‘I’d recommend it’: England’s Tammy Abraham revitalised by move abroad

Tammy Abraham picked up his phone. The voice on the other end was familiar, distinctive and it got straight to the point. José Mourinho tends to operate this way. “He was like: ‘Do you want to enjoy some sun or stay in the rain?’” Abraham recalls, with a smile.

Mourinho could highlight the good weather of Rome but the sales pitch worked on an altogether deeper level. Did Abraham want to move on from the gloom of Chelsea? Because, if facts were to be faced, there had been quite a lot of it in previous months.

“My mindset was that I wanted to be in the Premier League and I wanted to stay here – it was home,” Abraham says. But Mourinho had stirred something in him, he had spoken to his spirit of adventure. Before long, a summer transfer to join Mourinho at Roma was the only thing Abraham wanted. And he has barely looked back after completing it.

Abraham has started in each of Roma’s seven Serie A games, five of which have ended in wins, scoring twice and providing three assists. He has chipped in with two more goals in the Europa Conference League and these numbers have prompted the England manager, Gareth Southgate, to recall him for the World Cup qualifiers against Andorra and Hungary.

When Abraham talks now, it is of new cultures and challenges – on and off the pitch – and how he is determined to wring every last drop out of his talent. “I want to be in the names of the best in the world when they’re ranking the strikers,” Abraham says. “That’s my aim and I won’t stop until I’m there.” But there is no doubt that the frustration of how it ended for him at Chelsea is a motivating factor.

When Abraham scored a hat-trick in Chelsea’s FA Cup win over Luton in late January he could not have imagined how the next four months or so would pan out. Frank Lampard was sacked and the new manager, Thomas Tuchel, simply did not see a space for Abraham.

Tuchel used him in only seven games, starting him only three times in the Premier League and substituting him at half-time in two of them. In the other, Abraham limped off after 20 minutes. When the biggest matches were played at the end of the season – the FA Cup and Champions League finals – Abraham was not even in the squad.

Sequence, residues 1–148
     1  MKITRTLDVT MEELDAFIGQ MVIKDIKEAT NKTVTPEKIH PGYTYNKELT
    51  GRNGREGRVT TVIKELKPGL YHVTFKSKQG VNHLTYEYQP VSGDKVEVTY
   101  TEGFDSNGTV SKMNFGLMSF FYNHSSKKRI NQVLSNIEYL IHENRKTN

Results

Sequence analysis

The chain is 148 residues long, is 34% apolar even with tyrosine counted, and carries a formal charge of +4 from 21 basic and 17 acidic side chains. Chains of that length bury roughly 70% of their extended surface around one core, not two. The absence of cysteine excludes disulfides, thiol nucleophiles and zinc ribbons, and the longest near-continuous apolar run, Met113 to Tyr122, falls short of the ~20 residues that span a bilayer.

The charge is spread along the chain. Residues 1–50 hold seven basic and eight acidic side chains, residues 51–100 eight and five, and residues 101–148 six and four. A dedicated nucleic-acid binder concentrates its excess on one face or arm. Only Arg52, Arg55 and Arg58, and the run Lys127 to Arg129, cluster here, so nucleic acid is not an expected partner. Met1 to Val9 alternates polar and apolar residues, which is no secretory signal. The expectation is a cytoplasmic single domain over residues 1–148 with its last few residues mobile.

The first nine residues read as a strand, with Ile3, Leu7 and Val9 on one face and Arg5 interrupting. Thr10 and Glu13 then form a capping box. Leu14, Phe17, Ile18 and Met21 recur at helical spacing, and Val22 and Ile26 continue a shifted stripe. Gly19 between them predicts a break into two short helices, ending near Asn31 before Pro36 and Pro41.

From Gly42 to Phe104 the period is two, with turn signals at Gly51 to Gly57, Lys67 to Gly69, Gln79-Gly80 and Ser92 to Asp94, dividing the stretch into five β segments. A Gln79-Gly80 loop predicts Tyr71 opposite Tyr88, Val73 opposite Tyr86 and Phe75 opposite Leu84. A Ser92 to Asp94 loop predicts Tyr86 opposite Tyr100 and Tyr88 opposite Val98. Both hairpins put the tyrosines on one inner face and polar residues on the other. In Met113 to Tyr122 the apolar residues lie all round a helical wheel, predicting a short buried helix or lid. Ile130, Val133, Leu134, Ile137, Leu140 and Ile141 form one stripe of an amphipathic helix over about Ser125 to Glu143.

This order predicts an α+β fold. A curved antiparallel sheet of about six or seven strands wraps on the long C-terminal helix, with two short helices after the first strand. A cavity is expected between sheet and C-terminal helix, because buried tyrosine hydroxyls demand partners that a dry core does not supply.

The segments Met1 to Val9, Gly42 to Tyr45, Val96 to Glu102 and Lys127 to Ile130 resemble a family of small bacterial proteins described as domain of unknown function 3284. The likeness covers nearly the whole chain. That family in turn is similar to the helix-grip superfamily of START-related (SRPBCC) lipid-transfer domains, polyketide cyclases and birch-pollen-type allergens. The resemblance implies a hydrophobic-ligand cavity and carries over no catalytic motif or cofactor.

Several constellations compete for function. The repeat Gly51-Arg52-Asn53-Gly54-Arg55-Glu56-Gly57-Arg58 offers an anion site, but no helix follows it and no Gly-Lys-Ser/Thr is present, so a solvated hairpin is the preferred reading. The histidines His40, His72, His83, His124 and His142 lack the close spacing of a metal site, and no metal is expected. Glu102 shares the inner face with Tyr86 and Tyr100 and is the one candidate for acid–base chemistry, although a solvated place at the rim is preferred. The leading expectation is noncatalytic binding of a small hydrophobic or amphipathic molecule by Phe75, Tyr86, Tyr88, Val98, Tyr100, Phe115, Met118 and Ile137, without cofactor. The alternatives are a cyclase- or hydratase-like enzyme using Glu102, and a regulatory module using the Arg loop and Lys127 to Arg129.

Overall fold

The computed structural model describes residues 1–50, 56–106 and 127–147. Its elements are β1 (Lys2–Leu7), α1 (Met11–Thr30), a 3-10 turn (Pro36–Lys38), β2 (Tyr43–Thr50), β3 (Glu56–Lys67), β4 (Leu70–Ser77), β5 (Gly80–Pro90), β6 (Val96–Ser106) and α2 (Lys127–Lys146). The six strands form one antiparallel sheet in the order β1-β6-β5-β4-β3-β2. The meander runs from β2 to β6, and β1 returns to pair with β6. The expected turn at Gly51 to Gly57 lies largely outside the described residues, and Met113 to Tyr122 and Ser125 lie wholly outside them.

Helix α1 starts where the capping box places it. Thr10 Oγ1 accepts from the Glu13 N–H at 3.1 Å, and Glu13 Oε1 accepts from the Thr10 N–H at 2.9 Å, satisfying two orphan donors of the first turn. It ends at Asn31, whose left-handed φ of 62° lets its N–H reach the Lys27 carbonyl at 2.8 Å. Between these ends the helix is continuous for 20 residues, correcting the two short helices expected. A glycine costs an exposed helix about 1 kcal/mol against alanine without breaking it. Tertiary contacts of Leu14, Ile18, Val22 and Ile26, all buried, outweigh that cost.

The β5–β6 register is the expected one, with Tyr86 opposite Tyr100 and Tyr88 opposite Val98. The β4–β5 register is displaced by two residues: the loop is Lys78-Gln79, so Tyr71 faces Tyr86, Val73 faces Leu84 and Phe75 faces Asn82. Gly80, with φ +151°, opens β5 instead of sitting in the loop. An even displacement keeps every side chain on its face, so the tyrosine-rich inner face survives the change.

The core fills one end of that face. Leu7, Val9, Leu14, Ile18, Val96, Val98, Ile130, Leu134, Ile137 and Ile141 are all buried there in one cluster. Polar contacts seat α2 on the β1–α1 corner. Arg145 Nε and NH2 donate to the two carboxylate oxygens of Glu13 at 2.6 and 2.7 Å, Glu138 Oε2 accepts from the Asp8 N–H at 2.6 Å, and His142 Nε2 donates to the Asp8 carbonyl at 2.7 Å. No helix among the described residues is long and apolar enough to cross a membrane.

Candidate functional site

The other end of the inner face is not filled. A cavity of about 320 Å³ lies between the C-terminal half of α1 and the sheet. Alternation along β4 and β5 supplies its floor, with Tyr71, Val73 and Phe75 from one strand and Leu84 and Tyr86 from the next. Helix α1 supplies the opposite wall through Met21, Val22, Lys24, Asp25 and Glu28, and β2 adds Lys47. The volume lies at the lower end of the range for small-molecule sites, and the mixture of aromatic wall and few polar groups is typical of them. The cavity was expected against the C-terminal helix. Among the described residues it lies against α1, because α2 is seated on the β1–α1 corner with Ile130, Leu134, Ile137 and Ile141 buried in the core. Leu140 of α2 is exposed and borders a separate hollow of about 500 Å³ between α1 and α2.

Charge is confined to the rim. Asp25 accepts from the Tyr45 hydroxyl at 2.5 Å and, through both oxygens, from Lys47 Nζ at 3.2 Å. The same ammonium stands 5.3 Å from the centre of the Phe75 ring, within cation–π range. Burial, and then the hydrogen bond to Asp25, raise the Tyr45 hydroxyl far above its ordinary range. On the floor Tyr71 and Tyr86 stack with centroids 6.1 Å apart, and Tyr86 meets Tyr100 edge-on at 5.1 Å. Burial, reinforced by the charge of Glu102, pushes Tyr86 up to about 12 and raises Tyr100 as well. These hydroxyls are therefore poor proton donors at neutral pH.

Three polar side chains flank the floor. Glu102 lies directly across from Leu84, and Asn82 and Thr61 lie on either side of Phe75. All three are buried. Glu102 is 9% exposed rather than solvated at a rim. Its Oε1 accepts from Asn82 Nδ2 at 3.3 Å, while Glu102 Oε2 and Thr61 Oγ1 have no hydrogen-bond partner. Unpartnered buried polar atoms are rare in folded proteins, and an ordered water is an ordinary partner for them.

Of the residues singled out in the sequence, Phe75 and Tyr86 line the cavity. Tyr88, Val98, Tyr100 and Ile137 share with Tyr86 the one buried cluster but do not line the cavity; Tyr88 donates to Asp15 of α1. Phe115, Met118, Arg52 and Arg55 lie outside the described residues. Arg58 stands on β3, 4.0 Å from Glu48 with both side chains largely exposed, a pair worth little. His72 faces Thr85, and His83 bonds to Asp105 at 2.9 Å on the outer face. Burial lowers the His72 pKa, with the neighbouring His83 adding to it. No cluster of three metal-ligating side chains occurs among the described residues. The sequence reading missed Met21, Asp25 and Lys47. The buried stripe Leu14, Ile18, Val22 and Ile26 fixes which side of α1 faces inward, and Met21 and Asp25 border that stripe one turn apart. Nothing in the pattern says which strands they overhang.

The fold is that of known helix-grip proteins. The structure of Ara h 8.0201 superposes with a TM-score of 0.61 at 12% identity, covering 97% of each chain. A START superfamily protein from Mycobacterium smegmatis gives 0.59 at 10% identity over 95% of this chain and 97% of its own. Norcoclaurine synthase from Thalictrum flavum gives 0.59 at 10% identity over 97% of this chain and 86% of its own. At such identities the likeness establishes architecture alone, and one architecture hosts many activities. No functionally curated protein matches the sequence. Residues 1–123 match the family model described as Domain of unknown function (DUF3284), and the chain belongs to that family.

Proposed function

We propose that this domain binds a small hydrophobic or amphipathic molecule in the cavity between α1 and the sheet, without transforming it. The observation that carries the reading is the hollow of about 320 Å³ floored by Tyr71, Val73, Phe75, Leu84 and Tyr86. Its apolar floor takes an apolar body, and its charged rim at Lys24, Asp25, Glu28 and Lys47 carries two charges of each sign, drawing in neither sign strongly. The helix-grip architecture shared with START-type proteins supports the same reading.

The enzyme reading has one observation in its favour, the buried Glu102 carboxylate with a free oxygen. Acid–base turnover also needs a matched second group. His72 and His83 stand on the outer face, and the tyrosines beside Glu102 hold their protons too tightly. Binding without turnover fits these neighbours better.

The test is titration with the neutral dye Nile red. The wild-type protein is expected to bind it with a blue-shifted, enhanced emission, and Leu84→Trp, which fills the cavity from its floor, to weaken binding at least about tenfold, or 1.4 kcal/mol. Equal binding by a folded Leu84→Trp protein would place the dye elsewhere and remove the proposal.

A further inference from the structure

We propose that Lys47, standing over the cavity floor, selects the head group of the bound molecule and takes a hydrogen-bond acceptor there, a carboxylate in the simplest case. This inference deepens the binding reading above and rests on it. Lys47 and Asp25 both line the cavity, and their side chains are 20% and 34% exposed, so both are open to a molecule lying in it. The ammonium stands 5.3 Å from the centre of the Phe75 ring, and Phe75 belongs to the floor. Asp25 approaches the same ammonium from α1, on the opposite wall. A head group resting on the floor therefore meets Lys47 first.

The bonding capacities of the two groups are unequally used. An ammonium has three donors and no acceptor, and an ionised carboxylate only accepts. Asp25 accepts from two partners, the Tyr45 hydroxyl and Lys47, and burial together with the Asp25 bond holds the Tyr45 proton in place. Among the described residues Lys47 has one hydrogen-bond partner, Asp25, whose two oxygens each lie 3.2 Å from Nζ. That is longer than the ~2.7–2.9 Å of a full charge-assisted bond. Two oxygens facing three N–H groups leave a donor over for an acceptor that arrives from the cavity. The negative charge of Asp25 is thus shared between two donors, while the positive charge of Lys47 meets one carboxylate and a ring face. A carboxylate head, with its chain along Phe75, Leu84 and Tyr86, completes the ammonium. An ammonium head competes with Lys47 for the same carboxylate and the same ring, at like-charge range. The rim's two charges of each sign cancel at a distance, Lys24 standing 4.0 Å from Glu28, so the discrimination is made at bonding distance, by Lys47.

“It was tough,” Abraham says. “I didn’t really understand it back then. I was scoring goals, I came off the back of a hat-trick and, of course, when a new manager comes in things change. I think things like this need to happen to you for you to really realise what the game’s about. You can’t always be on the up. You need some downs sometimes and those downs have really lifted me and pushed me to be hungry for more.”

With England, it is hard not to see Abraham’s Covid breach from October last year as having damaged his prospects. He was dropped after breaking the rule-of-six in force at the time, having partied at a birthday bash thrown as a surprise for him, and he watched Dominic Calvert-Lewin come in, score on his debut against Wales and push him down the pecking order. Although Southgate did pick Abraham the following month, it would be the last time until now.

“I got to a point [at Chelsea] where I had to sit down and talk to myself,” Abraham says. “I was going out to train and I was doing it for me. I was going to train to better myself because it’s easy to throw a strop, to be angry around the place, to be a bad egg. For me, it was the opposite. I learned about myself and I think that strengthened my mindset.”

Abraham admits that it was difficult to watch England’s run to the Euro 2020 final from his sofa although, by then, it had long been obvious that he would not be a part of it. What he wants is to continue to improve under Mourinho – he says he has learned “as much as I have in my entire lifetime” from the manager tactically – and to push his international claims, with the World Cup a little over 12 months away.

“The easy option would’ve been to stick around and sit down at Chelsea,” Abraham says. “I realised I needed to go out and prove myself. Of course, there were nerves and changing countries is always a brave thing to do. But I’d recommend it to young English players. I’d say not to be scared. You learn about yourself. It’s tough but I’m getting used to it. I’ve gone to Rome and it’s time to show myself again.”